The 'can't be thrown out if on hospice' is an odd comment by the facility, which appears to be 'upselling' their capabilities on the basis of this comment, if accurate.  Many a person has been told they can stay at their facility 'even if on hospice', but the caveat is if their care needs remain appropriate for that particular facility.  A Memory Care is a long way from a nursing home and if care needs accelerate a resident will be asked to move, regardless of hospice or non hospice.

Most of us do not completely understand what hospice is.  It is an "extra" layer of services on top of basic care needs provided by a facility, designed to help a person be comfortable, and 'best as' during what is anticipated to be their last 6 months of life.   Typically, hospice volunteers visit, and hospice trained aides come twice a week to help with bathing; a hospice nurse visits for an initial assessment, and the periodically to see how things are going, but is not a regular participant in daily care.

You want to make sure you use a long standing hospice with a known quality of care there are a lot of fly by night pop up organizations that can exist.

Hospice is a philosophy - families must be on board with no longer pursuing aggressive medical treatment.  Not everyone gets to this point.  It was  a very good experience for us.

As to STages, the main page has an educational article on it, or google for Fisher's stages of Alzheimers. 


windyshores
Posted: Tuesday, May 7, 2019 8:40 AM
Joined: 2/16/2019
Posts: 40


Hospices vary in their adherence to guidelines on eligibility. For instance, weight loss over 10 lbs., inability to put 20 words together, inability to perform ADL's and so on.

One of our local hospices is quite strict and has my mother on Palliative aka "Bridge to Hospice."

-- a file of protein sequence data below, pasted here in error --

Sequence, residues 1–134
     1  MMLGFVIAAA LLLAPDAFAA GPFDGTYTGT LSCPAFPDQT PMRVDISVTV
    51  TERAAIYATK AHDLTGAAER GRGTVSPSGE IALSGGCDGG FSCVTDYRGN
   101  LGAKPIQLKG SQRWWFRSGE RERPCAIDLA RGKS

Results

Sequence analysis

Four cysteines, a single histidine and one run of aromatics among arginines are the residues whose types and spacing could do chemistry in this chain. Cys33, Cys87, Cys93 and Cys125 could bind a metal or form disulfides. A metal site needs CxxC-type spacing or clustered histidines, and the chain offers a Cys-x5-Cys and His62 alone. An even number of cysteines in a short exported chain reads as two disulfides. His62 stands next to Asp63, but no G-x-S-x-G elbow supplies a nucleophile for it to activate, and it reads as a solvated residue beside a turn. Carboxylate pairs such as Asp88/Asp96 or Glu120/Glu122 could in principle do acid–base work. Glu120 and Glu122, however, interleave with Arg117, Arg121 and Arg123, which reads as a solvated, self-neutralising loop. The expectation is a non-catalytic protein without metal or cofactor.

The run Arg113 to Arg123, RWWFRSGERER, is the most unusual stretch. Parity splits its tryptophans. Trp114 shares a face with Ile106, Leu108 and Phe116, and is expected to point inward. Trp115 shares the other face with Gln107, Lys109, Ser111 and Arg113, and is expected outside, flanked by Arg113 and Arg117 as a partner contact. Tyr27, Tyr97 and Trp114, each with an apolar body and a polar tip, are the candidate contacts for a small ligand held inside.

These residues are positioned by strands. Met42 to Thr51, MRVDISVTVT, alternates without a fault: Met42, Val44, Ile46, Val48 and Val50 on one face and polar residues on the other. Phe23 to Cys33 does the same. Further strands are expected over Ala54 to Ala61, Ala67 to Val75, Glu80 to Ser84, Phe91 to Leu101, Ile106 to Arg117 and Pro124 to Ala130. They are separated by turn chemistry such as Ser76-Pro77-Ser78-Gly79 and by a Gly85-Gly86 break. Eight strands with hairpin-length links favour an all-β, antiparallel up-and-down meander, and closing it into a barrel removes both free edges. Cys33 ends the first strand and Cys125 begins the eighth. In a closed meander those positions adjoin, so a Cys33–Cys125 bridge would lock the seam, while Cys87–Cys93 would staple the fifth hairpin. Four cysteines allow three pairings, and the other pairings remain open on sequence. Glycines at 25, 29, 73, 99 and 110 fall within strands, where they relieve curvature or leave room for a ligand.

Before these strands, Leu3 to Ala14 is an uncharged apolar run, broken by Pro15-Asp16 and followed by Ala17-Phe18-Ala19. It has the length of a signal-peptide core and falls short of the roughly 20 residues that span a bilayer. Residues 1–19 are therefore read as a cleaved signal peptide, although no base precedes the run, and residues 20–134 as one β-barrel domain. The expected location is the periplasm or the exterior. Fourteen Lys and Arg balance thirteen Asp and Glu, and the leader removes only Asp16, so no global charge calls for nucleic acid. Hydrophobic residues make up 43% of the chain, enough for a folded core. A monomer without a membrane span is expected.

Our other local hospice had her on hospice services last year, using the "general picture of decline." I have no idea why they are looser with criteria but it may have to do with their financial resources compared to the other stricter one.

I know people who have been on hospice for years, and some who are off and on over years. I trained as a volunteer and we were told this was the case, and that the public misperception is that people go on hospice only when actively dying.

The benefits from hospice services are huge: around here, daily aide for one hour, nurse visits (2 or more/week depending), chaplain, social worker, and volunteer. We had an amazing aide who brought my mother to the point where she didn't need hospice. Very common.

Now she needs it again.

The only thing about hospice is you need to be ready not to pursue diagnoses or treatment. My mother fell and had a large hematoma, that required surgery. Hospice okayed that but then the MD really wanted a CT. We told hospice he wanted it for comfort reasons and it was covered, but it was dicey. There is hospice Medicare and regular Medicare and you can't have both, and hospice Medicare won't cover things like CT unless for comfort.

Better to get on hospice, even if there are years left, if it is possible. For a situation like our CT you can revoke for a day and go back on!  For someone as acutely ill as your parent, I would do it asap, absolutely.

 

 

 

 

 


dayn2nite2
Posted: Tuesday, May 7, 2019 11:02 AM
Joined: 6/20/2016
Posts: 1803


CodyW, your LO sounds more than ready for hospice.  I don't know what the medical staff's reluctance is, but I would call for an evaluation myself.